|Publication number||US6021196 A|
|Application number||US 09/085,147|
|Publication date||Feb 1, 2000|
|Filing date||May 26, 1998|
|Priority date||May 26, 1998|
|Also published as||WO1999062044A1|
|Publication number||085147, 09085147, US 6021196 A, US 6021196A, US-A-6021196, US6021196 A, US6021196A|
|Inventors||T. Sandford II Maxwell, Theodore G. Handel|
|Original Assignee||The Regents University Of California|
|Export Citation||BiBTeX, EndNote, RefMan|
|Patent Citations (9), Non-Patent Citations (4), Referenced by (74), Classifications (14), Legal Events (7)|
|External Links: USPTO, USPTO Assignment, Espacenet|
The present invention generally relates to digital manipulation of numerical data. More specifically, the invention relates to the embedding of large amounts of external data into the numerical values used to represent a publication quality digital image without altering the appearance of the digital image. This invention was made with Government support under Contract No. W-7405-ENG-36 awarded by the U.S. Department of Energy. The Government has certain rights in the invention.
Many digital representations of image data have resolutions in intensity and color range greater than is required to represent the meaningful content of the information. Digital representations of publication quality images are ordinarily in Truecolor format using eight or more binary bits of information, for each of the three primary colors (red, green, and blue), for a total of at least 24-bit resolution. An alternative publication quality format for digital images uses primary color complements (cyan, yellow, and magenta), and black to represent the image information. The publication quality of Truecolor digital images insures that the all the information necessary to reproduce the original image in print is present in the alternative electronic form. Truecolor digital images are most often the first-generation image data produced by sensors in scanners or electronic cameras capable of recording the highest quality images.
In many situations, fewer than 24 bits resolve an image adequately to convey its meaning and content. Color reduction methods analyze a Truecolor image to determine a smaller number of colors that can be used to reproduce an approximation to the original publication quality image. Color reductions to 256 or fewer colors are used commonly for digital images intended for display in electronic documents or via the Internet worldwide web (www). Images stored in the Compuserve™ Graphics Interchange Format (GIF), the MICROSOFT® Windows Bitmap™ (BMP), and tagged-image file format (TIFF) formats often use a 256-color palette. The color-reduced palette requires 8-bits per picture element (pixel) to approximate the original 24-bits per pixel Truecolor values.
Reference palette embedding is a new steganographic method for manipulating the information in a 24-bits per pixel Truecolor host image, in order to insert auxiliary data with less error than is caused by methods that replace directly some of the 24-bits with the auxiliary data. Reference palette embedding as taught here provides invisibility of the auxiliary information, in comparison with the method disclosed in U.S. Pat. No. 5,686,782 issued Aug. 19, 1996 for DATA EMBEDDING, which is included herein by reference for all purposes.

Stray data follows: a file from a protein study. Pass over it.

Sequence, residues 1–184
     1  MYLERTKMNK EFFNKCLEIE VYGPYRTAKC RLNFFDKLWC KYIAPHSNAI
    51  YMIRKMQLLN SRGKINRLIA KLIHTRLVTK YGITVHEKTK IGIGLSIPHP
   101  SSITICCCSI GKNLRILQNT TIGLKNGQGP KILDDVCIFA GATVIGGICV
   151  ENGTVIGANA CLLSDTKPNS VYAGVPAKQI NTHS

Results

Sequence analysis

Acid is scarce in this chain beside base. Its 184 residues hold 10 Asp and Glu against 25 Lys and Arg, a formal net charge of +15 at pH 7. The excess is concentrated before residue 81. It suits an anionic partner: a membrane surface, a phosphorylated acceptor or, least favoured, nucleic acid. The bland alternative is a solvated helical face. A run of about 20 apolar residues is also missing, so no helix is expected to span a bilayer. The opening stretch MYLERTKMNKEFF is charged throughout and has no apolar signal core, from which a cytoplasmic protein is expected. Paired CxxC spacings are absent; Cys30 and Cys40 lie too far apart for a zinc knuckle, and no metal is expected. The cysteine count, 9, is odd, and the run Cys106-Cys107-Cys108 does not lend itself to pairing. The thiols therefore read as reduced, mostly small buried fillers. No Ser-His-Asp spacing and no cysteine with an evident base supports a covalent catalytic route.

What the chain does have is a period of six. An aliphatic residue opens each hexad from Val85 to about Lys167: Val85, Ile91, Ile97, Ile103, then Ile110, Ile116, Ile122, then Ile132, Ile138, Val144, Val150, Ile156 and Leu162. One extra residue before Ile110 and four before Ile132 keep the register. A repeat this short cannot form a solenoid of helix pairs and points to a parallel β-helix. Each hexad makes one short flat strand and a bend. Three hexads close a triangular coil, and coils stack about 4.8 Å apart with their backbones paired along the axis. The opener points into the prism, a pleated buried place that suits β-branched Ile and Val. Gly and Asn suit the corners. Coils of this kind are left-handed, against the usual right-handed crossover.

The reference palette embedding invention guarantees that the auxiliary information placed into the image affects only the parts of the Truecolor image that are redundant, and therefore unnecessary for representing the image content. Methods that manipulate the picture element (pixel) values directly by either the methods taught in the aforementioned DATA EMBEDDING patent, or by the methods taught in U.S. patent application Ser. No. 08/646,837 filed May 8, 1996, for MODULAR ERROR EMBEDDING, also included herein by reference for all purposes, modify significantly the bit values within the image pixel. Hereinafter, the teachings of the above-described U.S. Patent and the above-described U.S. Patent Application will be referred to as DATA EMBEDDING process and MODULAR ERROR EMBEDDING process, respectively. These alternative steganographic methods necessarily affect the image content to some degree. The present invention, reference palette embedding, utilizes a color-reduced version of the Truecolor image as a template to ensure that the embedding process affects the image quality as little as is possible.
Reference palette embedding uses and extends the DATA EMBEDDING process as taught in the above-mentioned U.S. patent. As disclosed in the DATA EMBEDDING patent, the auxiliary data are embedded in a manner that manipulates the noise component of the host data, and that does not modify directly any host data values. In reference palette embedding, as taught herein, the auxiliary data are embedded into the difference between the original Truecolor image, and a color-reduced version of the original image.
The color-reduced image and the digital key taught in the DATA EMBEDDING patent combine to permit the construction of the auxiliary data from the modified Truecolor image.
Data embedded into the host image with the present reference palette embedding invention are recovered by processing the digital image in machine readable, digital form. Human readable versions of images containing auxiliary data, for example images displayed on a screen or printed from the digital data, cannot be processed to recover the embedded information. In a preferred embodiment of the subject invention, the auxiliary data are compressed and encrypted before beginning the reference palette embedding process, in order to randomize the auxiliary bits, and to minimize the effect of the auxiliary data on the difference between the Truecolor and color-palette images.